The Tale Behind The Tune: "I Don’t Live in Dallas"
Jarrod Birmingham is everything any self-respecting Texan would like to be: a bull rider, a working cowboy, and a singer-songwriter. Those are three very romanticized but difficult occupations. At one time or another, Jarrod has earned his income from each of the three. Most of us can’t make an honest claim to have paid the rent exercising our skills at any of the above. It’s my opinion that Jarrod has earned the right and is well qualified to make a social commentary on the state of our state. I’m not necessarily qualified, but I’ll take a moment to make one of my own anyway.
Most of us like to bad-mouth bankers, lawyers, and the filthy rich. We’ll tolerate the rich but getting filthy at being rich is just going too far. By the way, I’ve never figured out exactly where the line between rich and filthy rich is drawn, but I think you make the mark about two decimal points to the right of the bottom line on your own statement of net worth.
Whatever the case, I think I’m like most Texans and that my brain works like most Texan brains. Try this little word association game. Say each of the trigger words from the list on the left below to a well-traveled Texan. Tell them they have to respond to each trigger word with the name of a Texas city. See if their responses aren’t similar to mine.
I’m sharing this seemingly extraneous information with you before I get to the part of the article that’s about the song because I need to build a case for the statement I’m going to make at the end of the article. Now, Jarrod got some flack about his song “I Don’t Live in Dallas.” I thought I’d feature the song in this article to rally to his defense. I called Jarrod at his home just outside of Victoria to talk about his No Apologies CD. It took him a while to get to the phone because he was outside feeding his livestock. Here’s what he had to say about why he wrote “I Don’t Live in Dallas” and included it on the CD.
"I Don’t Live in Dallas"
by Jarrod Birmingham
Well the city’s so big nobody know where it starts or where it ends
If you’ve got the money you can buy you up a lot of friends
‘Cause they’ll take anybody who drives a nice car
Got a place just for you up in Highland Park
If I don’t ever go there it’ll be all right with me
‘Cause I don’t live in Dallas I live in Texas
Where we ain’t got no hockey
And no damn metroplexes
I don’t live in Dallas I live in Texas
And if I don’t ever go there it’ll be alright with me
Now Benny Hinn comes on Sundays everybody’s gonna go sing along
‘Cause they can’t start their football ‘til all wide receivers post bond
You’re a whole buncha yuppies with nothin’ to do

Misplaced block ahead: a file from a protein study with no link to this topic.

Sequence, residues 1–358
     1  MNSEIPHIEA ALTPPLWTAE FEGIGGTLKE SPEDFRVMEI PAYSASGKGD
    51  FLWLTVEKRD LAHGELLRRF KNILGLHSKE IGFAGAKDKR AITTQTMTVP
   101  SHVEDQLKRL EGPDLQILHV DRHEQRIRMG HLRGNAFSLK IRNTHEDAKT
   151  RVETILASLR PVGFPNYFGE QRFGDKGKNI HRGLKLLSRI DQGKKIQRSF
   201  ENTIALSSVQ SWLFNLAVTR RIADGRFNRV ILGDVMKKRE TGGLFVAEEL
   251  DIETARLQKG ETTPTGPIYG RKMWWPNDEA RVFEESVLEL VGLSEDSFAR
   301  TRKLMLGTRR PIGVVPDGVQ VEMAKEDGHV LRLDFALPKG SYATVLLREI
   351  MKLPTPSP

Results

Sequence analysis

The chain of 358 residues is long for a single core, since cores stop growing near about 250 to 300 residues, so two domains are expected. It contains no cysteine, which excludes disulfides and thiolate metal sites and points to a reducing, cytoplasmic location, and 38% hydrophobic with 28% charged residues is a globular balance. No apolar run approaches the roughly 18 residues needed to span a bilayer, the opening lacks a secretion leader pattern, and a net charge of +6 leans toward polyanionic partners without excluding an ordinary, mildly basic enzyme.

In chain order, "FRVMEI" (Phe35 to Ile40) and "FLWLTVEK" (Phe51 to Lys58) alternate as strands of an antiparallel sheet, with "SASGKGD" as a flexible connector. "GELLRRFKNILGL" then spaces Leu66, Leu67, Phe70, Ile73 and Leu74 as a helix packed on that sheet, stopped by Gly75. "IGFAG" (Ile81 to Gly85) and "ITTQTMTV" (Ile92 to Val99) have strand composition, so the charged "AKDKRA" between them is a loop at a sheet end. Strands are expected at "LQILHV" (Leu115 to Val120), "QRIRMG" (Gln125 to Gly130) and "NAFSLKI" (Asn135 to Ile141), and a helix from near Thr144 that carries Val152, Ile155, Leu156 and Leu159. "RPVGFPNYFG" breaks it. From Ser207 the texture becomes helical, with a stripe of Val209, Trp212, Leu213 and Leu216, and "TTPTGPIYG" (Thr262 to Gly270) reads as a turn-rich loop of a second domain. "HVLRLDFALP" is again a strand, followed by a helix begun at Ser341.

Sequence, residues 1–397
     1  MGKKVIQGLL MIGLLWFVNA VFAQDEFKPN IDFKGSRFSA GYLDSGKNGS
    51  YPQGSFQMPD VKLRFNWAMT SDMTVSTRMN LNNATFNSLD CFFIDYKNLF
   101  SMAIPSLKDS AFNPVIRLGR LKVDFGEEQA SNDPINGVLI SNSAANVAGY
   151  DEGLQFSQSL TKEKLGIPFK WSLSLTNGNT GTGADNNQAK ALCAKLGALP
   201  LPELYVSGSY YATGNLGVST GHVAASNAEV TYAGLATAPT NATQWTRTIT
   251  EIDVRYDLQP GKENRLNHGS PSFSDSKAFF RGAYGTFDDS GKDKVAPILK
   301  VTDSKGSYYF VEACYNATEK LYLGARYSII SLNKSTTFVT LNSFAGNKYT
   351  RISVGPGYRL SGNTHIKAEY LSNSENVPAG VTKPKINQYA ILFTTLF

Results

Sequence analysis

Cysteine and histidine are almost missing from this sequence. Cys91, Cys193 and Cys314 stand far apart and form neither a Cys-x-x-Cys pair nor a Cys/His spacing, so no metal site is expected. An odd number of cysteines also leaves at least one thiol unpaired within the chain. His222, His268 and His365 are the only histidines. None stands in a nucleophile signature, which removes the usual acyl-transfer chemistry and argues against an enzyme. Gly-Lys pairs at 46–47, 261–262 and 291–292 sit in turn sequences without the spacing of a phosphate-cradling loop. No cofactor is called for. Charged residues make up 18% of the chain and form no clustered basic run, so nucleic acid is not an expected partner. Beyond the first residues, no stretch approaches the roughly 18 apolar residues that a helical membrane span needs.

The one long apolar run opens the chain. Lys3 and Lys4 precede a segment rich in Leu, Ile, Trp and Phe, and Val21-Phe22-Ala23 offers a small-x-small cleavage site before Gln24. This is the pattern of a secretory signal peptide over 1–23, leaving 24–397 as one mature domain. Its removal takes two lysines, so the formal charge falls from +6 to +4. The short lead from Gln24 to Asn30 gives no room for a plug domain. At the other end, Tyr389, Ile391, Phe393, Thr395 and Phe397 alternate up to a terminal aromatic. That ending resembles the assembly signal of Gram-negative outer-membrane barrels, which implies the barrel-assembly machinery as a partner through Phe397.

But keep Isuzu in business you all know it’s true
I’d like to sell you to Oklahoma if they could only afford you
(If you’re not familiar with the song’s lyrics, you might want to read them about now to put everything in context.)
Every time you meet somebody out of state they say, “I’ve been to Texas before,” and nine times out of ten you say, “Where at?” They say, “I’ve been to Dallas.”
It [the song] was tongue in cheek and it got taken too seriously, but you know one of the reasons we decided to put it on the album—well there was two [reasons why they put it on the album]. I was told I didn’t have the guts to, and don’t do that to me, and the other was . . . There was a rodeo friend of mine from Alberta down here, and he was makin’ fun of the fact that it was so hot, you know, we thought we had to have hockey teams. [Jarrod’s friend said], “Hockey’s not Texas and leave it alone.” I said, “Well, you know there’s lots of hockey teams in Texas.” He said, “Yea, but every one of ‘em’s [the hockey players in Texas] last name is Lemieux or some [surname] from Canada.”
It was kind of a joke, but people took it too far. It’s music, people. It’s not an amendment to the Constitution. It’s just music. It’s tongue in cheek. One of my best friends in the world lives in Dallas, but I guess if you can’t take a joke, well if you take yourself that seriously, then we got a problem anyway.
Therein lies the point on which I hope we can all agree. A true Texan never takes himself too seriously and can take a joke—and can take one best when he is the punch-line. If you’re reading this article, and you don’t live in Dallas, then my word association game and Jarrod’s song are just good clean fun. If you live in Dallas, and my word association game and or Jarrod’s song made you chuckle then consider yourself a true Texan. If either the word association game or the song offended you, then you are all that of which you’ve been accused. You helped Dallas earn its reputation, so you get to live with it.
George Bancroft lives in Big Spring, Texas. He has a radio show called The Texas Tunesmith and can be heard at KBST 95.7, Saturday and Sunday evenings, and on the internet on Wednesdays at 8 p.m. (CST) on tossmradio.com.
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